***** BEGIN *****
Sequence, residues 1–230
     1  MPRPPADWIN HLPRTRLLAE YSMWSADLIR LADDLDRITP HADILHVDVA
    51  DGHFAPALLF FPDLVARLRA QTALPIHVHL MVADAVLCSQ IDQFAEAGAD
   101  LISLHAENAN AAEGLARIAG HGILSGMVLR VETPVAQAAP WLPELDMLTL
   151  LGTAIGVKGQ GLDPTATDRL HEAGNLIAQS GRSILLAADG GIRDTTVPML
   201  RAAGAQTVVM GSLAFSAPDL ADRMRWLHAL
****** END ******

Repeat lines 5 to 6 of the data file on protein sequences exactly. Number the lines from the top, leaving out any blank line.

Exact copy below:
   151  LGTAIGVKGQ GLDPTATDRL HEAGNLIAQS GRSILLAADG GIRDTTVPML
   201  RAAGAQTVVM GSLAFSAPDL ADRMRWLHAL